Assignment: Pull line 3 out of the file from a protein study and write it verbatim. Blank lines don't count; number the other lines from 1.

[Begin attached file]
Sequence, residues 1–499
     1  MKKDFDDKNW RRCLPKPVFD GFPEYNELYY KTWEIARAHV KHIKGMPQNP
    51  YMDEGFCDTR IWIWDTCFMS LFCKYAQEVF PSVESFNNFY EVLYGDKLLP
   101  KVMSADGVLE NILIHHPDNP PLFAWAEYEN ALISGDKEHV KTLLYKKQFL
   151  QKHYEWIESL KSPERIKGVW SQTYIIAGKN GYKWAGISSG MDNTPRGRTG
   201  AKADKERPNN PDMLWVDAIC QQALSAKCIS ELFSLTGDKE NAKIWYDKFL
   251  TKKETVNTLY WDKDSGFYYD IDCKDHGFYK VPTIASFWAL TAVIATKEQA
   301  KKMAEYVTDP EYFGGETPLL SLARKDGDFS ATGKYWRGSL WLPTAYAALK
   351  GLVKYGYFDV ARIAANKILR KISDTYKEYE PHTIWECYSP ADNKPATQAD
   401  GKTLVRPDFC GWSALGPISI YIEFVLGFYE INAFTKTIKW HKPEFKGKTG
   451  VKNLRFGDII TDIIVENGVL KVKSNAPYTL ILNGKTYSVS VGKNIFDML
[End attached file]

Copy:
    51  YMDEGFCDTR IWIWDTCFMS LFCKYAQEVF PSVESFNNFY EVLYGDKLLP